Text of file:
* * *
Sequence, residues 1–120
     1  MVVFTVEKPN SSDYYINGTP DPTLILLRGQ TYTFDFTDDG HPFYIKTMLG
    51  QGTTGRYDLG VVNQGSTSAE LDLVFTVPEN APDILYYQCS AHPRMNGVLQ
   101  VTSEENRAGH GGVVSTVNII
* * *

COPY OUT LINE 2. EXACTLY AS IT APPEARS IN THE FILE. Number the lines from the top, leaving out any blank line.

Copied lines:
     1  MVVFTVEKPN SSDYYINGTP DPTLILLRGQ TYTFDFTDDG HPFYIKTMLG